There are days that I would like to clone myself. If there were two of me, I could get things done twice as quickly and have more time to do what I enjoy doing. I'm pretty busy with my writing career as well as multiple speaking engagements during the year and my active full-time work in another field.
Face it. Sometimes the work involved in caring for our companion animals isn’t any fun. My family had two cats when I was a child and I loathed cleaning out the litter box.
Of course it was necessary, but when it came to “cat pan duty,” nobody wanted to do it. But it had to be done.
And so it is with tidying their enclosures, changing their substrate paper, scrubbing food and water bowls and mopping the floor. But it’s a fact of life and it’s a part of keeping birds.
There never seems to be enough time to get everything done. Birds require a clean environment and this takes time, dedication and work. But it doesn’t have to be tedious. Here are five methods of making things a little easier:
Double Down on Your Time
Why make five trips when you can make one? My friend Shari has seven African Grey Parrots. That’s a lot of food and water bowls to be carrying back and forth to the kitchen to clean at least two or three times a day. And when Shari told me how she does it, I wanted to smack myself in the head for not thinking of it myself.
How does she do it efficiently?
Shari uses a tray to stack and carry the bowls into the kitchen in one trip in order to clean and refill them. It’s one trip for her instead of multiple trips back and forth.
Rebecca Stockslager, owner of Noah’s Bird Nest, a bird supply store in Port Charlotte, Florida not only fosters birds for Florida Parrot Rescue, she boards birds for families that are on vacation or on business trips.
She has anywhere from 15 to 25 birds under here care at any given time. Rebecca uses a 2-tiered cart with fresh water, food and newspaper that she rolls around her shop to ensure that her birds are fed, clean and have fresh water. She can get all of the birds looked after in a fraction of the time it would take if she didn’t employ the cart.
Work Smart By Multitasking
Multitasking is an amazing timesaver. Lots of tasks to accomplish and little time to get it all done? Begin the jobs that require little attention first: Throw the load of laundry and assemble the casserole for dinner before tending to the birds cages or washing the floor. Cleaning the bathroom? Add cleanser to the toilet, sink and tub and let it sit to allow the cleaner to do its work and soak before actually scrubbing them. Spot cleaning parrot poop on the floor? Pre-treat with a bird safe cleaner and let it do its magic before attacking it with a microfiber cloth soaked in hot water. Want to keep that substrate of their house clean? Place newspaper on the bottom of the substrate and when you are removing this paper to replace it with clean paper, spritz it down with some water from a spray bottle. This will prevent dander from flying in the air when you remove it for replacement.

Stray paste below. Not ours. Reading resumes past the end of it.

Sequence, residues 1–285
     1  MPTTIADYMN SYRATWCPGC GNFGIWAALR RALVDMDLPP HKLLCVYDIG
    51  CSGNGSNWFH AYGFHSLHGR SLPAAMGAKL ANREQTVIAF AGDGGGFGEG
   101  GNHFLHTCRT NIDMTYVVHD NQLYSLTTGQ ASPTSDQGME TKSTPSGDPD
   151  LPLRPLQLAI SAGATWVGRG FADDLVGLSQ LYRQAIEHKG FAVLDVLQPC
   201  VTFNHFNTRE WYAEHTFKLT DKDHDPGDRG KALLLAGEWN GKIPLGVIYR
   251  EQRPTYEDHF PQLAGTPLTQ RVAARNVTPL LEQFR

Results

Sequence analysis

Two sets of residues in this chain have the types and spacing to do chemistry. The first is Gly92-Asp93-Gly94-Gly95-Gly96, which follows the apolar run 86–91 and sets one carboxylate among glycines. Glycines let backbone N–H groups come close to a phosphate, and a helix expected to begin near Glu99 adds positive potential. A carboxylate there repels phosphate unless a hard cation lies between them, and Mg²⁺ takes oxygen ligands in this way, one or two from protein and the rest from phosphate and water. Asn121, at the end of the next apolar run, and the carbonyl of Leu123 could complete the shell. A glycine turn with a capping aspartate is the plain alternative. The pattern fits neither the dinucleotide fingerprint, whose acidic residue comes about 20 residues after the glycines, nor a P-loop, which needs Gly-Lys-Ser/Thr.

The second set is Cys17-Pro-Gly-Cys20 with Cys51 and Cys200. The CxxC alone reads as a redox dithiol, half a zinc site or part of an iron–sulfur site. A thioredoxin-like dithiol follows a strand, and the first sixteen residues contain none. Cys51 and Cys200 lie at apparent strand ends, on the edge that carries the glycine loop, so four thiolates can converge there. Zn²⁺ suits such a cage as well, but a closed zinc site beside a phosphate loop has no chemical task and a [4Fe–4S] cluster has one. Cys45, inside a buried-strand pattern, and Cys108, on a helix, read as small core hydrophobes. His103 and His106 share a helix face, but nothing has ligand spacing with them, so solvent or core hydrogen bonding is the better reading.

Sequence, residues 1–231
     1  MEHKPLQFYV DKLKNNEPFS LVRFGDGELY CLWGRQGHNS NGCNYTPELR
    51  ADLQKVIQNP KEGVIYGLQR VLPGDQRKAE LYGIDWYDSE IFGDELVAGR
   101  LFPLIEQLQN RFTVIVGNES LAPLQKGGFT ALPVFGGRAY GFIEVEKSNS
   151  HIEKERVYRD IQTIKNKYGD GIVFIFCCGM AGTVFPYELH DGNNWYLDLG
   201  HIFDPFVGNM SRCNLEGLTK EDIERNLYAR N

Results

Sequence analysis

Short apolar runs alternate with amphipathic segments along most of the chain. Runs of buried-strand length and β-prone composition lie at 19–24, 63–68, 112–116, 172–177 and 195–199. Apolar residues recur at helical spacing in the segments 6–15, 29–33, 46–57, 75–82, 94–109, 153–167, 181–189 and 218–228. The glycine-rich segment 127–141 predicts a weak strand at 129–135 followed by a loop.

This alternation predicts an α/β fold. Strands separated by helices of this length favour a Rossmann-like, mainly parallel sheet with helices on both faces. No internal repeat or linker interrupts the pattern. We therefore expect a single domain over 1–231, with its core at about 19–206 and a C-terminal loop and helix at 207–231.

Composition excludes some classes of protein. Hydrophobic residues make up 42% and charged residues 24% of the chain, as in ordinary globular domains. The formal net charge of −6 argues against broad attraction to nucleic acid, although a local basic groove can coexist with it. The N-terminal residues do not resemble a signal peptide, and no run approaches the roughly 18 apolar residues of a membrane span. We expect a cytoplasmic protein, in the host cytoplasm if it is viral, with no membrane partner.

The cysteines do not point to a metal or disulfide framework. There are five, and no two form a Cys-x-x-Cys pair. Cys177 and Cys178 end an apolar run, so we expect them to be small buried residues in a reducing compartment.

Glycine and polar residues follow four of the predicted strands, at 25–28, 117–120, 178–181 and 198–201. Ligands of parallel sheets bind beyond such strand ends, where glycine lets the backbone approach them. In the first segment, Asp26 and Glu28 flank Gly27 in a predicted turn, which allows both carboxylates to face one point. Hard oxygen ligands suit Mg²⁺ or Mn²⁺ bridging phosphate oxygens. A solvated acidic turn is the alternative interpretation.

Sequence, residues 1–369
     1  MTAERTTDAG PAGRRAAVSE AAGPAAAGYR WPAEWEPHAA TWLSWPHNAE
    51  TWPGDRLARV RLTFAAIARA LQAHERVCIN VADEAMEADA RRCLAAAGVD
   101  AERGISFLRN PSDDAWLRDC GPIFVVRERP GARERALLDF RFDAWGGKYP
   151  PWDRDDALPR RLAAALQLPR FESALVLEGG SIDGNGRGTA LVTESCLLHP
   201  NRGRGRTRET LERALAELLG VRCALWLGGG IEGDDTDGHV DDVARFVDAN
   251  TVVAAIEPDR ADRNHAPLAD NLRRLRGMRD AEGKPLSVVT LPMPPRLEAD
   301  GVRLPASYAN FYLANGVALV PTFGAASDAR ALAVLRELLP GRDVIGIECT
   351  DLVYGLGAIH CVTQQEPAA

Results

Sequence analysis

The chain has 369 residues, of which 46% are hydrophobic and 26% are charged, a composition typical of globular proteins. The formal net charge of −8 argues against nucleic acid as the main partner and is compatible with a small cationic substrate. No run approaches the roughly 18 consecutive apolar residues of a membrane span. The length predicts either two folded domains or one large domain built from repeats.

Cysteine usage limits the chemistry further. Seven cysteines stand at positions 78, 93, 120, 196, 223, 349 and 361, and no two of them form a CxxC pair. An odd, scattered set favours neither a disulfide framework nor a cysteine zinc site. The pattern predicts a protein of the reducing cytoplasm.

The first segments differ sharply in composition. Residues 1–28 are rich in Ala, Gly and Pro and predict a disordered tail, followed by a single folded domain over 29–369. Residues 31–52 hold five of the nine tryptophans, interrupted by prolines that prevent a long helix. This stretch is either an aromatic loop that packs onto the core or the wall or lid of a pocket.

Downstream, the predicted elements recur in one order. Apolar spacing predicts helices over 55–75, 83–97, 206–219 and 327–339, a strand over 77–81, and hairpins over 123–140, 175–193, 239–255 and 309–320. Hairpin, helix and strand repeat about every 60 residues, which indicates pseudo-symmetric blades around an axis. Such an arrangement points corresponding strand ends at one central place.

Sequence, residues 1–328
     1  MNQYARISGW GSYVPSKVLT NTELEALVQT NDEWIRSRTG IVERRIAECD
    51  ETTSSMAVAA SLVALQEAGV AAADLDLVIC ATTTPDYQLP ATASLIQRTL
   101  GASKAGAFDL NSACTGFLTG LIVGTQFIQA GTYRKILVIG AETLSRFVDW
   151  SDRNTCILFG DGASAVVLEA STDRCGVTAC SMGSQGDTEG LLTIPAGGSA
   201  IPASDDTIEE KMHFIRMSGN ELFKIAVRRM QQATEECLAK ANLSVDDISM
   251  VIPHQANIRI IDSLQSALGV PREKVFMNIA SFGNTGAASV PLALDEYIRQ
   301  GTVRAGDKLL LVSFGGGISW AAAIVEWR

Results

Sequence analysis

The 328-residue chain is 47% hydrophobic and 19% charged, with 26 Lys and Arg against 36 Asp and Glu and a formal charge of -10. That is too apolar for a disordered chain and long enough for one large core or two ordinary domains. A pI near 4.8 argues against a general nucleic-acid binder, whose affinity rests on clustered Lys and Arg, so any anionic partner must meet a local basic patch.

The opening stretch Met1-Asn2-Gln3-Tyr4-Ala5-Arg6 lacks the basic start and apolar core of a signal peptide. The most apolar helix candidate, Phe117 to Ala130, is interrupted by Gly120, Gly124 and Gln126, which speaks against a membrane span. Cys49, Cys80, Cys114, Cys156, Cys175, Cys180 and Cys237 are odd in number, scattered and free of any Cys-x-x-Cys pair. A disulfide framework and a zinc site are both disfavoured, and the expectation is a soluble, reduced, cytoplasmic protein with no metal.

Make a List
I have become an avid list maker over the years. I’ve found that I need to write things down and prioritize my life in order to keep everything organized and get everything done when my life became more complicated. I keep a pen and a pad of paper in nearly every room in the house for those moments of inspiration or remember something that needs to be done. I’ve also taken to using the dictation feature on my cell phone to remember flashes of inspired ideas for article subjects as well as grocery lists and errands.
Interact With Your Flock While Maintaining Them
Don’t just move them out of the way! Sing, hum or chat with them while you’re cleaning around their enclosures. Explain what you’re doing while they watch you. Ask them for encouragement and just have fun with them. These little moments of attention mean the world to them and engaging them while you work makes the job more fun.
Involve Your Flock in Your Daily Routine
Anytime I’m doing something that is safe for one of my Greys, I try to include them. If I’m vacuuming, one of them gets to go for a ride on my shoulder while I’m working. If I have to go into another room for a an envelope, one of them goes with me. It’s a quick and easy way to provide attention and contact while you are accomplishing something else. If I am dishing up their meals in the evening, one is allowed into the kitchen to watch me prepare the bowls of food and fresh water.
Use water in a spray bottle to lightly spray down papers before removing them from the cage and replacing This wets down the dust and dander, adhering it to the paper so the dust doesn't fly around.
There are many ways to provide attention to your flock. And it doesn’t always have to be undivided attention. Simply being aware of them and including them in daily activities provides a closeness during that time that can be quite valuable. Working some of these methods into your daily routine might make life a little more streamlined.